Sean likes a good old style oak driven buttery Chardy from the times before they were totally bastardized and turned into dry wood piles designed for the mass market that eventually burnt away as that particular era of Chardonnay faded and the modern style emerged. He had recently attended a trivia night in aid of his kids’ local soccer club. He had been late to win a round and most of the prizes, including wines, had already gone. Sitting almost alone was a bottle of 1999 Lindemans Reserve Padthaway Vineyard Chardonnay that everyone else was not interested in. This, again, was probably because it was a Lindemans and it looked “old”. Being a Chardy fan he happily took his prize.
Sean chilled this wine to have in our company and took it out to show me but put a caveat on it saying he wasn’t sure if it would be any good. As soon as I saw it I had mixed emotions, one being “It’s old, it’s Lindemans so it must be rubbish, but I never turn down free wine” and the other being “It’s a single vineyard reserve Chardonnay from Padthaway that may actually surprise us so let’s happily give it a go”.
We went with the positive angle and hoped we would not regret it.
Getting the cork out was a challenge due to its age. It was stuck fast and the cork tore away through the centre but we got most of it out and poured the wine through a strainer, which kept the wine almost clear of bits.
First thought … “That’s gunna be horse piss!” It totally looked like a dehydrated horse had let go in our glasses. It was golden, almost orange in colour. I have learnt that, yes, this may mean extreme oxidation but it may also mean that it’s just an old banger of a white wine that has gained a hell of a lot of character in its old age. And the smell on the nose was confirming the latter with interesting tropical fruit tones still springing out along with a scent of nuttiness (not from a horse).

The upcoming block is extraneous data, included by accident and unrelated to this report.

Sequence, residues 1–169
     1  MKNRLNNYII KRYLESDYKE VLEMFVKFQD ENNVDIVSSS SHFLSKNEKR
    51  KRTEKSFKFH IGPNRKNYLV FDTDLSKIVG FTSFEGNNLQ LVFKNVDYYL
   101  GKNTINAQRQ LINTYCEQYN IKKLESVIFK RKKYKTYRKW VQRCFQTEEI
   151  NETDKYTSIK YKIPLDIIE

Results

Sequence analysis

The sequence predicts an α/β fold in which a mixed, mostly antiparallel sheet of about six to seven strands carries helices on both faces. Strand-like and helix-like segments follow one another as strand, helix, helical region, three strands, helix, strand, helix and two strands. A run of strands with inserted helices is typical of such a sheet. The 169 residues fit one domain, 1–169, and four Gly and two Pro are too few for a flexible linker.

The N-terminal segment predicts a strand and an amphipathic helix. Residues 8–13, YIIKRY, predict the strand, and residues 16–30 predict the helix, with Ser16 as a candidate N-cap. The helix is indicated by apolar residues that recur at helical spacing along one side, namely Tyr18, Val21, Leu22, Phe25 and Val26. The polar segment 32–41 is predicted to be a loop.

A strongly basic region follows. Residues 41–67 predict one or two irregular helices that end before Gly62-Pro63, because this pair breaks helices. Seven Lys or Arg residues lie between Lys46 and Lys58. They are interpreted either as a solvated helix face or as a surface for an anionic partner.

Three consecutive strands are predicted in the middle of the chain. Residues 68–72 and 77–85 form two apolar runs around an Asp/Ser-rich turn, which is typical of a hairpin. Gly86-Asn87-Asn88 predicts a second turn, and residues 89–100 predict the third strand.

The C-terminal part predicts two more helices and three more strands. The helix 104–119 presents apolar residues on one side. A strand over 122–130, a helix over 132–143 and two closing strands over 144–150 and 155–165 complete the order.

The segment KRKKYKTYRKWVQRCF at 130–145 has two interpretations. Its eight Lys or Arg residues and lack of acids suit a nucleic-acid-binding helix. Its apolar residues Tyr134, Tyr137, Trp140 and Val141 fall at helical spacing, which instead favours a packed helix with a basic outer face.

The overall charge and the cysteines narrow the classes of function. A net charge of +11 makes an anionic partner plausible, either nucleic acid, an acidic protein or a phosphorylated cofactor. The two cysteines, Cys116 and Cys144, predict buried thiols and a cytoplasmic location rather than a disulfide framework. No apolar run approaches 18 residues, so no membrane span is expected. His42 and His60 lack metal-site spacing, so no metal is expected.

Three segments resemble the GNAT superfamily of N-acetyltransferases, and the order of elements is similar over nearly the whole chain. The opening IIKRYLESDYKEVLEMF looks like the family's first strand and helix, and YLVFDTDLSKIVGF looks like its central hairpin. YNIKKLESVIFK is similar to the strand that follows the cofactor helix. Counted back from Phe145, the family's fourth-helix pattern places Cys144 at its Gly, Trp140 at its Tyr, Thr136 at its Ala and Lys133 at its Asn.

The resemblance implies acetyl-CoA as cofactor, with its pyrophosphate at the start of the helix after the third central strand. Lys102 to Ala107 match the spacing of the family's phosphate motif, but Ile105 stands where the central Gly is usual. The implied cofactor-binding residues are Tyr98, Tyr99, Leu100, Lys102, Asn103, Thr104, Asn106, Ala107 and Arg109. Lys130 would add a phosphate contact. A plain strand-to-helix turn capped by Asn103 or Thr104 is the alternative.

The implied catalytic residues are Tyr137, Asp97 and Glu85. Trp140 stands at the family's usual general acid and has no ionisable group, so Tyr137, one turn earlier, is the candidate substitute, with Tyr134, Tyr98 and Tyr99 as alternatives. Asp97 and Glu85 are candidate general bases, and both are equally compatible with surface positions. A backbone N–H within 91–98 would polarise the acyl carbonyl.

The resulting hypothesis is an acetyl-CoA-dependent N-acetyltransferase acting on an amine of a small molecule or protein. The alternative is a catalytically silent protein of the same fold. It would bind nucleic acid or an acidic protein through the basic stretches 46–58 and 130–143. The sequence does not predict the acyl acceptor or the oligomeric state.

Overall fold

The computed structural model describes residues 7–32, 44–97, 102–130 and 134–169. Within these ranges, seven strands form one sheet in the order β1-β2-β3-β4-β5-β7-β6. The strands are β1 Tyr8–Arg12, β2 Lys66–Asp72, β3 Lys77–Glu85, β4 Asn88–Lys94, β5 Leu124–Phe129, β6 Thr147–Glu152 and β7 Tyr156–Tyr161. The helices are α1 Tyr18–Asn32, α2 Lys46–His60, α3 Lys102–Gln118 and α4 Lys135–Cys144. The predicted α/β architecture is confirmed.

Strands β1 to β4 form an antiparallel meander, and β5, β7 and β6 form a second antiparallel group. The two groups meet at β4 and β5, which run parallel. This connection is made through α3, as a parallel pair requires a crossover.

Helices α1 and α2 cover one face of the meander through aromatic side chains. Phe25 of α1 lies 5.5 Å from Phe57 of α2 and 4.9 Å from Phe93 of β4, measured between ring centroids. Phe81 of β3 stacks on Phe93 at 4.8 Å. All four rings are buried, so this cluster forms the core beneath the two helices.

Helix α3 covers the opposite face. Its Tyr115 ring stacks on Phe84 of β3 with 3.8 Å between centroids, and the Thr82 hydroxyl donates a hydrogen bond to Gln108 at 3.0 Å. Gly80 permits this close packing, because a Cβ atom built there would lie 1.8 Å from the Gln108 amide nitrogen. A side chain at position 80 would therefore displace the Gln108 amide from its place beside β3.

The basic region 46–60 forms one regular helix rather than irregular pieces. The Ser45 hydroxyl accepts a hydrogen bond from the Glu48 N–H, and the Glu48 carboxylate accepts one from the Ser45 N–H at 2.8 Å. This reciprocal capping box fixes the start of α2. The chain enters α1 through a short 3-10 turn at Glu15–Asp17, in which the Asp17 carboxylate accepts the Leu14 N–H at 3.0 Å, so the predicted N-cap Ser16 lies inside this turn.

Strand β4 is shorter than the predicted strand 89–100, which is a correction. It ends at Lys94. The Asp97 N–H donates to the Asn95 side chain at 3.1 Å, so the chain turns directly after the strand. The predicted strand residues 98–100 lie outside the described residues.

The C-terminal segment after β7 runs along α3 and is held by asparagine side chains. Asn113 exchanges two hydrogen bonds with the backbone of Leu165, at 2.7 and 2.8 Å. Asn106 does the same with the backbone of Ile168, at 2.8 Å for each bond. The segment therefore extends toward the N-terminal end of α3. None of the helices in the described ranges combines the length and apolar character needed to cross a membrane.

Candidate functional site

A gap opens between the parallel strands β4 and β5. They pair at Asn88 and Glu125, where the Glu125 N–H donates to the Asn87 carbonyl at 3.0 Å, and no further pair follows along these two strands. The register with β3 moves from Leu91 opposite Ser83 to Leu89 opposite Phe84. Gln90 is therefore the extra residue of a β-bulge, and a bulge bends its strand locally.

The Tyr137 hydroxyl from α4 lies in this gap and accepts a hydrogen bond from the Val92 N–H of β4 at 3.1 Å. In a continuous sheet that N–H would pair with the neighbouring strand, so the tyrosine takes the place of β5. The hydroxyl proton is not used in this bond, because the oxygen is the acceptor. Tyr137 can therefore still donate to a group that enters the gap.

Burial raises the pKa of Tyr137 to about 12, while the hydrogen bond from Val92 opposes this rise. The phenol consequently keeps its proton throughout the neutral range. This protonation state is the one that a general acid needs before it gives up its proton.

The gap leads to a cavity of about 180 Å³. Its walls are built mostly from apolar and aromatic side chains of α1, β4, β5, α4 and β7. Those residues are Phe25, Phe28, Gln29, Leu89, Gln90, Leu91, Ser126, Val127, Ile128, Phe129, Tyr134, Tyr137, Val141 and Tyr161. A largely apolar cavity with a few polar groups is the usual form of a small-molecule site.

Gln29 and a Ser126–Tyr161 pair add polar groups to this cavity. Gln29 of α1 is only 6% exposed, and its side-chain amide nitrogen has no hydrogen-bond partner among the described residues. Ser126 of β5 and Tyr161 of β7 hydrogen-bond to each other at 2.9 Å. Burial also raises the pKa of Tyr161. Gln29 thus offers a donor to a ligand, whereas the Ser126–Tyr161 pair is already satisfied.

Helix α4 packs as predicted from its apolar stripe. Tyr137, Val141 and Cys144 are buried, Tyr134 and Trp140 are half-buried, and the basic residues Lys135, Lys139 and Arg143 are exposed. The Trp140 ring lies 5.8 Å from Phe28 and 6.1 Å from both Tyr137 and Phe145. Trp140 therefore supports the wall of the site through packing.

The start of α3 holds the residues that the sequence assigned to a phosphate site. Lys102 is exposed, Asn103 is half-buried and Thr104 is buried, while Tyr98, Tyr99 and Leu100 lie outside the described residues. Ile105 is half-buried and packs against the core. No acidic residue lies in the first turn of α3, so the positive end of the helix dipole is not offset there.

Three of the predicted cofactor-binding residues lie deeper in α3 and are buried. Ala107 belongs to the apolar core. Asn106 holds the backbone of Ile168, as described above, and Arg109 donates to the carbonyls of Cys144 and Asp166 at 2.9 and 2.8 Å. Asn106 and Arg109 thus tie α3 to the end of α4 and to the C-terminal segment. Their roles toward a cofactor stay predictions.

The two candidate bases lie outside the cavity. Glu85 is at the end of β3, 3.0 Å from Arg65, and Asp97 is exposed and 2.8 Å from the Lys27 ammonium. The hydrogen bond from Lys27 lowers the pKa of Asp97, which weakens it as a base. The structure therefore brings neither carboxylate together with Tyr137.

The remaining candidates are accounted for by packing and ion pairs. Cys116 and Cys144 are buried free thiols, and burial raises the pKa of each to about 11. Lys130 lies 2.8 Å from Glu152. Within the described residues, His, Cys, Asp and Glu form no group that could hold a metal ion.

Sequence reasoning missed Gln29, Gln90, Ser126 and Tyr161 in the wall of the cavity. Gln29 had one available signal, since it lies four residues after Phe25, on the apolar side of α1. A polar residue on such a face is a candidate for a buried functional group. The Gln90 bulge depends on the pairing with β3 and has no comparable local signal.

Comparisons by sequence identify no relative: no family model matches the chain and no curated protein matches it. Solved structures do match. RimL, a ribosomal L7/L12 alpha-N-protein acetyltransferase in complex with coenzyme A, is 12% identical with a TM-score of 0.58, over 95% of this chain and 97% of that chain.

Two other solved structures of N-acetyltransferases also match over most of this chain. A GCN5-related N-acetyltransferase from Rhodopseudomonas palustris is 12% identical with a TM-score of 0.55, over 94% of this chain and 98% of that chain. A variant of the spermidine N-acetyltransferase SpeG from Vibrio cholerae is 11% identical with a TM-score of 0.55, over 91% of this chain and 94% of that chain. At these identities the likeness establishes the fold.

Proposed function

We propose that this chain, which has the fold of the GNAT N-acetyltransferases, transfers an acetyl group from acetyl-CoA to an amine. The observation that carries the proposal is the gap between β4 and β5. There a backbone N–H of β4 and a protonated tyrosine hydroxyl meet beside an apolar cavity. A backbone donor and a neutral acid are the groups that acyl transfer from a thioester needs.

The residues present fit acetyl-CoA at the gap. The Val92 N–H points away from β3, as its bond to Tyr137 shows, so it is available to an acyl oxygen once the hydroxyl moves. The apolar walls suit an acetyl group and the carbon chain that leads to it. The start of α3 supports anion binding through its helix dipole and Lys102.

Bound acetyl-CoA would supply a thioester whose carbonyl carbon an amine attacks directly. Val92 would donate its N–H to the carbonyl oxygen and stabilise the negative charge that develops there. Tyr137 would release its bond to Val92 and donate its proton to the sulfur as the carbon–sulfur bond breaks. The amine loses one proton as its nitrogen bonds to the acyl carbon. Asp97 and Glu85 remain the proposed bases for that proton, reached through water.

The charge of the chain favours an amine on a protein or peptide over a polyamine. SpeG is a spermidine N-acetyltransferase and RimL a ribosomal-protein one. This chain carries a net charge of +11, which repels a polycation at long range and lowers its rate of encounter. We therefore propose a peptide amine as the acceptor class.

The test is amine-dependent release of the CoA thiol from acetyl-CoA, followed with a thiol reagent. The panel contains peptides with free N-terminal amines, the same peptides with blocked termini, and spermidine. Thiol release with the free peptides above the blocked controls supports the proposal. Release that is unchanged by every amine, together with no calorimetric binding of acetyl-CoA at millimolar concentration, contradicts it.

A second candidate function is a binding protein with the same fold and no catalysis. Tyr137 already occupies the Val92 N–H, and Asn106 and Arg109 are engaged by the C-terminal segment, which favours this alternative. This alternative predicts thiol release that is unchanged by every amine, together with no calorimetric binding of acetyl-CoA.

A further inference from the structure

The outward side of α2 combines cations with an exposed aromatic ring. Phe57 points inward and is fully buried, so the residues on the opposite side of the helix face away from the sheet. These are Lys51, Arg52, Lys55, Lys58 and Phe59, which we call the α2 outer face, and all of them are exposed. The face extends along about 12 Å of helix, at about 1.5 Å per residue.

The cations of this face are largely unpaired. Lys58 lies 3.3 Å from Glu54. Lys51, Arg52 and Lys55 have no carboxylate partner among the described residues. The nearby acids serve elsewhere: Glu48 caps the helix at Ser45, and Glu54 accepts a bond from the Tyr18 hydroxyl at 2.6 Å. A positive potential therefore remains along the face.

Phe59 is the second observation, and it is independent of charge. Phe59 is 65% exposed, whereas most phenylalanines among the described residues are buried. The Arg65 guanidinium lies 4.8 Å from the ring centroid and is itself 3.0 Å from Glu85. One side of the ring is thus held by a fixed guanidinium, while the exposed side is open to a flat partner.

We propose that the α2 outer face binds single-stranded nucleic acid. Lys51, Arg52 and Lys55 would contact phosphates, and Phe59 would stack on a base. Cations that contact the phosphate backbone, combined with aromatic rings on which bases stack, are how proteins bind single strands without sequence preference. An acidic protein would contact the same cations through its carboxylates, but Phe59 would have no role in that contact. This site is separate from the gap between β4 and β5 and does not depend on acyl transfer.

Now I don’t know what horse piss tastes like, and you gotta wonder about anyone that does, but this was surely far removed from that. It was oh so toasty! And full of honey! Time had created a smooth and somewhat savoury chardonnay with loads of butter and nutmeg spice that still carried a small but noticeable background of ripe stone fruit flavours making it quite a complex wine that lingered in the mouth for some time after each sip. I asked Sean what his thoughts were and his reply was “I have to say that it’s an unusual amber colour with a mellow mouthwateringly oaky butteriness. A festival of the senses”.
Sean perfectly described a wine that was the exact sort of Chardonnay he was after. It absolutely astonished us and was a bit of a surprise. I’m sure someone with far more knowledge than I could find fault but that doesn’t matter, we loved it! I’m really getting a taste for well aged wine and am discovering that they often last way past what the textbooks say they will (and sometimes less too). No wine critic would have put anymore than a few years on this wine but it had morphed into something special way beyond its allowable age. It just goes to show, even the experts are guessing albeit in an extremely educated way.
Maybe I might just re-acquaint myself with Lindemans wines, although I’ll probably leave the Bin series for when I politely drink a wine someone else pops on the table. I’m a proud wine wanker, but I need not be a wine snob.
Sean, thanks for a great wine experience mate!